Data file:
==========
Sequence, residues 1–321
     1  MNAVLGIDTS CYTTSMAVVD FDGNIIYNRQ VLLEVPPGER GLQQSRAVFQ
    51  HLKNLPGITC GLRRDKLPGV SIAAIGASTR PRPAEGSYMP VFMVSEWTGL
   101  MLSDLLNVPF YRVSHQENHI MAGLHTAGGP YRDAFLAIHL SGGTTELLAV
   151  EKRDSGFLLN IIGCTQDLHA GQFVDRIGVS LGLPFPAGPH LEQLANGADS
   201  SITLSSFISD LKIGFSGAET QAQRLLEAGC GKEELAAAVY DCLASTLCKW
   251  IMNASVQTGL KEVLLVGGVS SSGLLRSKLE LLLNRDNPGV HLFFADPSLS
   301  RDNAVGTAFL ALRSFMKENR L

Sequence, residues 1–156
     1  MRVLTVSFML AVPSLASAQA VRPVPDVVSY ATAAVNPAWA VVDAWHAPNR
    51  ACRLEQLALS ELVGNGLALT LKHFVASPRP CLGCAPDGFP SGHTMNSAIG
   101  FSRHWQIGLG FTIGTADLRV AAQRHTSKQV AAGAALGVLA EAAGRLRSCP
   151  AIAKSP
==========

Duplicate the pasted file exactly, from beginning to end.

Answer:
Sequence, residues 1–321
     1  MNAVLGIDTS CYTTSMAVVD FDGNIIYNRQ VLLEVPPGER GLQQSRAVFQ
    51  HLKNLPGITC GLRRDKLPGV SIAAIGASTR PRPAEGSYMP VFMVSEWTGL
   101  MLSDLLNVPF YRVSHQENHI MAGLHTAGGP YRDAFLAIHL SGGTTELLAV
   151  EKRDSGFLLN IIGCTQDLHA GQFVDRIGVS LGLPFPAGPH LEQLANGADS
   201  SITLSSFISD LKIGFSGAET QAQRLLEAGC GKEELAAAVY DCLASTLCKW
   251  IMNASVQTGL KEVLLVGGVS SSGLLRSKLE LLLNRDNPGV HLFFADPSLS
   301  RDNAVGTAFL ALRSFMKENR L

Sequence, residues 1–156
     1  MRVLTVSFML AVPSLASAQA VRPVPDVVSY ATAAVNPAWA VVDAWHAPNR
    51  ACRLEQLALS ELVGNGLALT LKHFVASPRP CLGCAPDGFP SGHTMNSAIG
   101  FSRHWQIGLG FTIGTADLRV AAQRHTSKQV AAGAALGVLA EAAGRLRSCP
   151  AIAKSP